Monday, January 21, 2013

Depravity and Grace in Divorce

Many take Christ’s words in Matthew 19:11 as only talking about the gift of celibacy – not marrying to focus on God.  But Christ’s words have another aspect – if your heart is hard, you will not accept God’s restrictions on divorce and sleeping around.  Here’s the passage in context.

Matthew 19:3 The Pharisees also came to Him, testing Him, and saying to Him, “Is it lawful for a man to divorce his wife for just any reason?” 4 And He answered and said to them, “Have you not read that He who made them at the beginning ‘made them male and female,’ 5 and said, ‘For this reason a man shall leave his father and mother and be joined to his wife, and the two shall become one flesh’? 6 So then, they are no longer two but one flesh. Therefore what God has joined together, let not man separate.” 7 They said to Him, “Why then did Moses command to give a certificate of divorce, and to put her away?” 8 He said to them, “Moses, because of the hardness of your hearts, permitted you to divorce your wives, but from the beginning it was not so. 9 And I say to you, whoever divorces his wife, except for sexual immorality, and marries another, commits adultery; and whoever marries her who is divorced commits adultery.”
10 His disciples said to Him, “If such is the case of the man with his wife, it is better not to marry.” 11 But He said to them, “All cannot accept this saying, but only those to whom it has been given: 12 For there are eunuchs who were born thus from their mother’s womb, and there are eunuchs who were made eunuchs by men, and there are eunuchs who have made themselves eunuchs for the kingdom of heaven’s sake. He who is able to accept it, let him accept it.”

Look at the disciples comment.  If we [can’t dump or wives for any reason or sleep around], then it’s better not to marry.  For some, there may be good reasons not to marry, but God’s marriage laws are not one of them.  So growth rates in divorce and sex outside of marriage are a sign of increased hardness of hearts.
Moses permitted divorce because he had a nation of sinners to run.  Those with hard hearts cannot accept God’s restrictions on divorce and adultery.  But if God helps then (those to whom it has been given), then they are able to accept it, and they should accept it (He who is able to accept it, let him accept it).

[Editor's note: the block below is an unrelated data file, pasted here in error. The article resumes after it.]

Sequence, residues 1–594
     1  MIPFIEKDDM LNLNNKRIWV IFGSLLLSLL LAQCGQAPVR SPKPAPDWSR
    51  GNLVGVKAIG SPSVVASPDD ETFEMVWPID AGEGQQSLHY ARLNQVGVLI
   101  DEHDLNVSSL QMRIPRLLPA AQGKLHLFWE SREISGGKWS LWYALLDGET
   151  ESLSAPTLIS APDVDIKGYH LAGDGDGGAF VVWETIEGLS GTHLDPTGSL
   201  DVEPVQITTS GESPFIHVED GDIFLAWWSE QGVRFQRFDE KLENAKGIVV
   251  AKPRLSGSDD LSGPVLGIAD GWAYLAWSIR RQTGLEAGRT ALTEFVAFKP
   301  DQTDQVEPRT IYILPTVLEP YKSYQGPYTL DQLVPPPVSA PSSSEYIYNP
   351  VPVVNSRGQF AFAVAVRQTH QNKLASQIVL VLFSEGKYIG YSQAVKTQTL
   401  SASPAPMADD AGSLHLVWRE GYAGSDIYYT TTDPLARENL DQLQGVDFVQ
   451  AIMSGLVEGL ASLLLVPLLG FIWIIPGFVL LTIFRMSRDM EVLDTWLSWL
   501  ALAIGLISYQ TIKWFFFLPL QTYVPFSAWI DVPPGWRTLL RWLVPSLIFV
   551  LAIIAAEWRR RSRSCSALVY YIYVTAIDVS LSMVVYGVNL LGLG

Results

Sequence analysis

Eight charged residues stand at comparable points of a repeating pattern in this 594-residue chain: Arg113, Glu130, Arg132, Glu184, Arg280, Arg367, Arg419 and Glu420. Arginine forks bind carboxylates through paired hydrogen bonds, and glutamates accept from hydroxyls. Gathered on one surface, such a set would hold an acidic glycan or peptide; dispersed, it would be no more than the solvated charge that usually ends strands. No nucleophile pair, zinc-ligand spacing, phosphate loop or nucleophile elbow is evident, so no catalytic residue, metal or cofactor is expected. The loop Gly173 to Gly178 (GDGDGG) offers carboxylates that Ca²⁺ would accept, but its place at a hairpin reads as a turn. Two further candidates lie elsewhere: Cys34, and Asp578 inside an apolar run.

So for those facing divorce, I think we have two cases: those who can accept God’s marriage rules and those who can’t.  So if we struggle with obeying God’s marriage rules; we should thank God for His graciously enabling us to accept His rules as our standard in the first place.  God has not abandoned us to the hardness of heart that rejects and cannot accept His rules.  Sometimes the spirit is willing, but the flesh is week, so we must pray not to enter into temptation (Matthew 26:41). 

If on the other hand, we cannot accept God’s marriage rules, we really should be asking why not?  It is true that God isn’t giving us the grace to be able to accept His marriage rules, but why not?  Sometimes we do not have ears to hear, because we are unwilling to receive the message (Matthew 11:14-15).  In other words, hardness of heart about God’s marriage laws may betray some deeper stubbornness in our fundamental relationship with God.    

Now for those Calvinist who deny free will with respect to God's marriage rules - you have done well, but not gone far enough.  You must also get rid of your philosophy which says, a man is able to do something, if he would do it were he to want to.  So you're really saying "we can and cannot obey God's rules on divorce".  On one side of this contraction  you have the implication that man is physically and mentally handicapped when it comes to divorce.  On the other, you have the implication that notwithstanding what Christ said, in the normal sense man can accept God's rules on divorce.  Without this philosophical obstacle  our need for God's grace shines clear.  


SLW said...

I'm probably just obtuse, but that last paragraph is very hard to follow.

Godismyjudge said...


No, your not wrong about that. I need a better way to express that point. I think it could be a powerful argument, but it's hard to get across.

God be with you,